More Bazazz From the Big Bambino

Babe. The Legend Comes to Life by Robert W. Creamer Simon and Schuster, 424 pp., $9.95

THE ONLY DIFFERENCE between bubblegum cards and most sports biographies is that after the season is over the cards can still be used as spoke attachments to give your bicycle a motorcycle inflection. Both genres rely on dry statistics, a boring anecdote and a posed glossy; although the sports scribe includes an over-abundance of all three items to pad his thin research.

Even the most rabid fans need a little fresh writing to help them get through a star's off-season tome. Sportswriters today generally rely on the excitement of pennant or cup fever to sell their books. The rare sports classic is the book that can be read when the players involved have finished their stretch drives and surrendered the headlines to the athletic endeavors of others.

The blame for the built-in obsolescence of hockey-writer Stan Fischler's recent Bobby Clarke and the Ferocious Flyers rests not so much with the Philadelphia Flyers's fortunes but with Fischler's own re-hashing of his old Sporting News columns and reluctance to look deeper into the subject:

Bobby Clarke's 63 total points marked a 17 point gain over the previous year and suggested that he would become a substantial scorer in years to come. The big thing, says Bobby, "is that my allround play improved as well as my statistics. But I cannot be satisfied. I don't think a player should be. Though I've learned a lot, I'm learning more every time out."

All the Superbowl ballyhoo in America couldn't camouflage sportswriters Hal Beck and Ben Olan's tired attempt to capture Pittsburgh Steeler star Joe Greene in Football Stars of 1974:

Ask Joe Greene what it's like to be a defensive tackle and his eyes light up. The sparkle tells you immediately that "Mean" Joe Greene enjoys his job. Thoroughly. "The tackles are coming on," says the huge Pittsburgh lineman who is called Mean, mostly because of his style, but also because it happens to rhyme with Greene.

NOWHERE IS UNCRITICAL, hackneyed writing more abundant than in the baseball biography. From Lou Gehrig; Boy of the Sandlots to The Jackie Jensen Story, diamond writers have a heritage of grinding out instant cliches. But no athlete has ever been subjected to more off-base Boswells than Babe Ruth. Occasionally, out of all those works claiming both authenticity and style, one will emerge which actually resurrects the Babe, making him much more than a candy bar or an overweight William Bendix. And Robert W. Creamer's Babe, the Legend Comes to Life does just that.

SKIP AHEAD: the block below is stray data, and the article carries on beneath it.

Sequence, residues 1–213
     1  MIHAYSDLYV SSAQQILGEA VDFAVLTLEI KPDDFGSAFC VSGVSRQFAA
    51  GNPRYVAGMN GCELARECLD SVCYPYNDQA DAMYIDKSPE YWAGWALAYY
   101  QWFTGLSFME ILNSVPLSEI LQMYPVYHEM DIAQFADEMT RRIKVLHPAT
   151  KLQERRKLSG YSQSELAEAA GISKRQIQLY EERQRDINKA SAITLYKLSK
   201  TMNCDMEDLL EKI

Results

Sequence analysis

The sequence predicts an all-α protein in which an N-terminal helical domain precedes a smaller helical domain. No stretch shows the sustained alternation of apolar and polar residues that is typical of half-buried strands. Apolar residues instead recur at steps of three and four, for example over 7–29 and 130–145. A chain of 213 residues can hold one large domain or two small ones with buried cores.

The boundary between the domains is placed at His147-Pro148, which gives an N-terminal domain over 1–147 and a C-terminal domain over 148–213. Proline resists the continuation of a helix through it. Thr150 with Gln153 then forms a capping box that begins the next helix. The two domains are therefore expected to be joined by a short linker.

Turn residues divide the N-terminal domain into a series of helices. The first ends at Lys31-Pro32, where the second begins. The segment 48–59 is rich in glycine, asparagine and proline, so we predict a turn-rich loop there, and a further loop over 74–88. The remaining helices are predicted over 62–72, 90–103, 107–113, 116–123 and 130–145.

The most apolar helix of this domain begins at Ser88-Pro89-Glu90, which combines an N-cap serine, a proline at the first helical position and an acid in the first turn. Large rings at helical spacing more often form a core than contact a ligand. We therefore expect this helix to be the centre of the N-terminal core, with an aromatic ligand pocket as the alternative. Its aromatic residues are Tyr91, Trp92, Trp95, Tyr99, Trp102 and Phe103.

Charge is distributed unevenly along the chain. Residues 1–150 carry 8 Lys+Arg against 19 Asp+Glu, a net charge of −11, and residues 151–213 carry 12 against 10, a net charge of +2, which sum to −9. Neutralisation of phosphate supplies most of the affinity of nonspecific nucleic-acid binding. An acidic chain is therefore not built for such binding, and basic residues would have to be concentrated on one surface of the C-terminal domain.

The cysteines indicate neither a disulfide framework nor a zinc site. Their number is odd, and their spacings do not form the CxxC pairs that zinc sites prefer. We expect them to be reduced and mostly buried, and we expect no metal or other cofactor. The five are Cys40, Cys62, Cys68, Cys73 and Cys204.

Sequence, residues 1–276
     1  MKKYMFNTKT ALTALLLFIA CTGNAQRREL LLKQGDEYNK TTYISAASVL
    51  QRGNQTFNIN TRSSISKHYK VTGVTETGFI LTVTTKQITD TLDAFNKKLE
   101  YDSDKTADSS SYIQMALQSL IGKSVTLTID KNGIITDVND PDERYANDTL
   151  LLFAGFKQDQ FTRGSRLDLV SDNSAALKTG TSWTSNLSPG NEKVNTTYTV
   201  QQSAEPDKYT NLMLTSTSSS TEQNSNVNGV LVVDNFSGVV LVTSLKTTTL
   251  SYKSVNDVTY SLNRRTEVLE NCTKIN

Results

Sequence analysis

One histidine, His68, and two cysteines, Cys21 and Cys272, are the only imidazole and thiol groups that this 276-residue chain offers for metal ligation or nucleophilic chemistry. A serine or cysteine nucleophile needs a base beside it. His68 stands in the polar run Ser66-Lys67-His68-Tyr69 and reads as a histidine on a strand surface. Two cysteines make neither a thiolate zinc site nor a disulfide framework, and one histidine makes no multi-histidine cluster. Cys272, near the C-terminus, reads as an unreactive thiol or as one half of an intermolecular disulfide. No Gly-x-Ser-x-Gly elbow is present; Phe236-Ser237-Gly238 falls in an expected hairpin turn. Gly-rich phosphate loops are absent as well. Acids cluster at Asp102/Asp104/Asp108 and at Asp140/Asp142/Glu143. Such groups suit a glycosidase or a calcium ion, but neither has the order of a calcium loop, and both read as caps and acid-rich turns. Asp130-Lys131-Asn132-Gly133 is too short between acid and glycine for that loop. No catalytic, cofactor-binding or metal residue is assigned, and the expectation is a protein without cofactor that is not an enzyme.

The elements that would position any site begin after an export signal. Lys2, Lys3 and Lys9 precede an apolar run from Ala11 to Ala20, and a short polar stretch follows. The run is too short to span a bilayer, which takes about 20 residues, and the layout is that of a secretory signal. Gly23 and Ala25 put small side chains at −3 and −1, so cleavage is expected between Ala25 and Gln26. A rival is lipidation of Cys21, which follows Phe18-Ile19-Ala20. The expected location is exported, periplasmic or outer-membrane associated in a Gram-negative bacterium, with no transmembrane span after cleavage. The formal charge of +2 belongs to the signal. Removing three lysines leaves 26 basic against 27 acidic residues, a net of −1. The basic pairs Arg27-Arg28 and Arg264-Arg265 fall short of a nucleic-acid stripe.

This Babe was one of a flurry of Ruth accounts spawned by Henry Aaron's home run chase. Baseball writers supplemented the wave of biographies with a deluge of column tonnage comparing the merits of the two sluggers. But when the season wound down, taking the coverage with it, Babe remained as one of the few pieces of baseball writing able to sustain the autumn sports onslaught.

Creamer, senior editor of Sports Illustrated, lets his concise magazine style explode over 400 pages of detailed but swift writing. He records Ruth's on-the-field endeavors with precision and color. He carefully avoids studding his sentences with cliched codewords like four-ply and three bagger. In an uncharacteristic feat of sportswriting, he makes heavy use of the English language:

...Ruth's full free swing was being copied more and more, and so was his type of bat, thinner in the handle and whippier, in principle something like a golf club. (Early in his career Ruth used a massive 52-ounce bat, but this slimmed down as Ruth himself ballooned.) Strategy and tactics changed. A strikeout heretofore had been something of a disgrace--reread "Casey at the Bat." A batter was supposed to protect the plate, get a piece of the ball, as in the cognate game of cricket. In Ruth's case, however, a strikeout was only a momentary, if melodramatic, setback. Protecting the plate declined in importance, along with the sacrifice and the steal. The big hit, the big inning, blossomed.

CREAMER ALSO excels in capturing the lore of Ruth out-of-uniform. In "Kaleidoscope: Personality of the Babe," Creamer delves into a few feats which make the 714 and 60 homerun marks pall. He dredged up some of Babe's stunning epicurean exploits, including the mandatory "couple of hotdogs and a bicarb" immediately preceding every game. And several locker room observers, provide the definitive statement on Ruth's famed sexual prowess. Creamer dwells on the theme of Ruth's distorted sexuality throughout the book, in his usual lucid style: